Legislative Issues: EPA - New Small Business Compliance Policy

EPA's new Small Business Compliance Policy is designed to encourage small businesses to discover areas of non-compliance on their own, voluntarily disclose the non-compliance and take corrective action.

The Environmental Protection Agency (EPA) may be the federal agency that businesses in the ceramic industry fear most (though the the Internal Revenue Service and the Occupational Safety and Health Administration may not be far behind). The EPA: administers numerous statutes dealing with clean air, water, land use, waste disposal, etc., and the agency has issued thousands of pages of regulations implementing these various statutes.

The EPA has the power to impose penalties that can amount to millions of dollars-plus require expensive cleanups-and criminal violations of EPA-administered statutes can result in prison terms. All of this presents a legal minefield for businesses as they try to conduct their activities without violating any of the myriad EPA standards. Considering that many of these standards are inherently confusing or highly technical, unintended violations can occur. This is a particular problem for small businesses that may not have the resources to keep abreast of changing developments.

An Updated Policy

In April of this year, to assist small businesses in their efforts to comply with the range of its requirements, the EPA updated, expanded and clarified its Small Business Compliance Policy. Basically, the policy is designed to encourage small businesses to discover areas of non-compliance on their own, voluntarily disclose the non-compliance and take corrective action. The EPA is often criticized for failing to consider the needs of small business when it establishes policies. The EPA Small Business Compliance Policy is an attempt to appear to be more small business friendly.

The EPA also feels that since the program involves the waiving of penalties, its enforcement job will be easier because small businesses will be anxious to self-report when a problem area is self-discovered. Under the policy, the EPA will eliminate or reduce monetary civil penalties against small businesses if the small business has taken certain actions. It will not, however, reduce any sums required to correct or clean up the situation.

The policy applies to businesses that employ 100 or fewer persons. This includes everyone at every facility, no matter where it's located. The employee limit is considered 100 or fewer full-time equivalents calculated on an annual basis. It includes contract employees, as well as traditional (or W-2) employees. Full-time equivalent employees means 2,000 hours of work in the business per year. On that basis, two part-time employees, each working 20 hours per week for 50 weeks in the year, would equal one full-time equivalent. If a company has more than 100 full-time equivalent employees, it does not qualify for the program.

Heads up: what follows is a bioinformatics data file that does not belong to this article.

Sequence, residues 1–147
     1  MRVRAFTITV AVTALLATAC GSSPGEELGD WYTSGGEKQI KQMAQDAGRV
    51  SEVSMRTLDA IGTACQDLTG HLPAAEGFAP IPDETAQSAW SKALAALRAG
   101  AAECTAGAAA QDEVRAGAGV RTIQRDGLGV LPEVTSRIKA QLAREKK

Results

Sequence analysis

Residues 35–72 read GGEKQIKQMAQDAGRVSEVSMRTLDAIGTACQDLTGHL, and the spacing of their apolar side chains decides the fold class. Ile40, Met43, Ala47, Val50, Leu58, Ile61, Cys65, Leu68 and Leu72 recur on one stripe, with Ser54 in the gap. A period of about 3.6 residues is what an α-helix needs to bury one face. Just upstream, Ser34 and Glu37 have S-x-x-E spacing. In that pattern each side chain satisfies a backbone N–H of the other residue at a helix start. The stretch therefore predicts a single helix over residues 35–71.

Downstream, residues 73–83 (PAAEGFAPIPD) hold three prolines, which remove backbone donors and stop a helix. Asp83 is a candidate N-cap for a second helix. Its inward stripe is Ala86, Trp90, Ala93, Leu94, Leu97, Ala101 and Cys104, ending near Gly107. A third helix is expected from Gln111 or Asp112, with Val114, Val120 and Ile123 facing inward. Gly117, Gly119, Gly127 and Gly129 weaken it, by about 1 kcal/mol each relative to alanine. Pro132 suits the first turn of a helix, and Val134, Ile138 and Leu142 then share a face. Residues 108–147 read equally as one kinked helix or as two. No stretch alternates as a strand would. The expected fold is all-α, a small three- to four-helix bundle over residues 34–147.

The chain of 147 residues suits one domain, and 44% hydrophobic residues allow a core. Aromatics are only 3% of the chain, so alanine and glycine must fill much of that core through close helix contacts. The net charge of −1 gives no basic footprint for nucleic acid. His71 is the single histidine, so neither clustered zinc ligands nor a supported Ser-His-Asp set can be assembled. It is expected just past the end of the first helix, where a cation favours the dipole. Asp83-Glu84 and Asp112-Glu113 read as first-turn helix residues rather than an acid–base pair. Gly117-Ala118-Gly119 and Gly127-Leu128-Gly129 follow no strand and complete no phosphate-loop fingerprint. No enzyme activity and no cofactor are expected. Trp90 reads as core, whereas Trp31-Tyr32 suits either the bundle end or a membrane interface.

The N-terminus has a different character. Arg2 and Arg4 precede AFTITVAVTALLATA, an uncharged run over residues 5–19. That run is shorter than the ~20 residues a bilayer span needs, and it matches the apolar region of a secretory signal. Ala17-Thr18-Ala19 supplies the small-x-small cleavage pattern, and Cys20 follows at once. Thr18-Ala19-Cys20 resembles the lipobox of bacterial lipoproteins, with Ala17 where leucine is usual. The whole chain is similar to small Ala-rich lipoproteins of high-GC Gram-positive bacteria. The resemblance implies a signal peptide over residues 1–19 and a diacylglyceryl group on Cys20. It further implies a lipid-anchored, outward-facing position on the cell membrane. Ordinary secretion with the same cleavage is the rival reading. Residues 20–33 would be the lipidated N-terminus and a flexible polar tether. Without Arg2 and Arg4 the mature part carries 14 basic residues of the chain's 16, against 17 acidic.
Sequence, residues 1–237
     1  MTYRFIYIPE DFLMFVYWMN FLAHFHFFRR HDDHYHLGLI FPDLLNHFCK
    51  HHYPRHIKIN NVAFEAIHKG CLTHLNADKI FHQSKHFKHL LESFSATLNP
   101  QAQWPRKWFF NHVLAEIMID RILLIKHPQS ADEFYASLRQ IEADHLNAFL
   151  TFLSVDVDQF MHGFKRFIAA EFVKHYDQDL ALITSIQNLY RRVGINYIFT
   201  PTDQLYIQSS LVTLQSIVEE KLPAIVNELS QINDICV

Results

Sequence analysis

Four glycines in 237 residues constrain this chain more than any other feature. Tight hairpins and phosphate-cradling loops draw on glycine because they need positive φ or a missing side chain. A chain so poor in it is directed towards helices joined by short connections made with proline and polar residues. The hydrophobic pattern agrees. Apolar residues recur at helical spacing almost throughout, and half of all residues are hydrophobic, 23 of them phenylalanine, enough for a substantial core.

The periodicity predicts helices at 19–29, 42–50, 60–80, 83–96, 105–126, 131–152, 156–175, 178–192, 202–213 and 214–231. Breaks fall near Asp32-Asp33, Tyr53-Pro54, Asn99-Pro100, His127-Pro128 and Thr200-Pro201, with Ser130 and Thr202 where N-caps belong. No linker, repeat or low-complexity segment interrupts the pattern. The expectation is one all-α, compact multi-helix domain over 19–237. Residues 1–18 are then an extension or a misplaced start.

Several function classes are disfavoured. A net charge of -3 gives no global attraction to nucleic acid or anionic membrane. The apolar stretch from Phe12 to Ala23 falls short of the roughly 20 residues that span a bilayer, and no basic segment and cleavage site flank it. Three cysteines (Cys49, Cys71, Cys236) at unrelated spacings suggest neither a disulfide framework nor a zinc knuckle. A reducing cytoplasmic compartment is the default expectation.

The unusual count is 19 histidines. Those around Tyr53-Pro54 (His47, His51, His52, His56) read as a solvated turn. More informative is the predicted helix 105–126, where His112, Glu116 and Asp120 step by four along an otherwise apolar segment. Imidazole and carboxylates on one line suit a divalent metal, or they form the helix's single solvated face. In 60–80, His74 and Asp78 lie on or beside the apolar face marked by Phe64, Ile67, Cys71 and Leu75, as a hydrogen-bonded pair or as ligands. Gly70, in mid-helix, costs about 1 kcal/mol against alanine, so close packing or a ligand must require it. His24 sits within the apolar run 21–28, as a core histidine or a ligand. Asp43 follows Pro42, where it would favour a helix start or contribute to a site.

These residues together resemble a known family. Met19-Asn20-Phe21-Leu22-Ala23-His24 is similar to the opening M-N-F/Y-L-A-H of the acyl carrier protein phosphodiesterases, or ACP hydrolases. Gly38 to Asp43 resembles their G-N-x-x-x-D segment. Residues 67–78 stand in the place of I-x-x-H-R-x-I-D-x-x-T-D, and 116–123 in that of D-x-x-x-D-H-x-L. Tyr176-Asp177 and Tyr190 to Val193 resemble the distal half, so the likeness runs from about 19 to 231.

Does Your Business Qualify?

In order to qualify, the small business must first discover the violation on its own. It cannot claim the benefits of the policy if the EPA or a state agency discovered the problem first. The small business will still qualify for the program if its discovery of the problem was through an environmental audit, the work of a consultant or through participation in a mentoring program. If the violation is discovered through legally required monitoring or sampling activity, the policy will not apply. In addition, if the problem would amount to a criminal violation of the environmental laws, the small business cannot take advantage of the program.

Second, the small business must voluntarily disclose the specific violation to the EPA within 21 calendar days after the small business has discovered the violation. The disclosure must be complete and in writing. The EPA indicates that once the small business is aware of such facts that would reasonably lead it to believe a violation has occurred, it should be reported. This could be tricky, because the policy is unclear as to what level within a business the knowledge of a violation must be before the business is considered to be "aware."

Third, the violation must be corrected. The EPA will expect the small business to correct the situation in as short a time as is practical. Corrective actions include remediating any harmful effects associated with the violation. The small business must also put into place procedures to prevent such a violation from happening again. Corrective action does not have to be completed at the time the violation is reported to the EPA, but the small business should be prepared to present the EPA with a timetable for corrective action.


The EPA policy will not apply at all if the business has a history of non-compliance over the previous three years. This can involve EPA warning letters, citations, actions by a state, or even a citizen suit. It will also not apply if actual serious harm to the public health, safety or the environment occurred because of the violation. The policy is unclear as to exactly what EPA will consider to be serious.

When an environmental problem is discovered, a qualifying small business may want to consider utilizing this EPA program. It could result in no penalties being imposed by the EPA.

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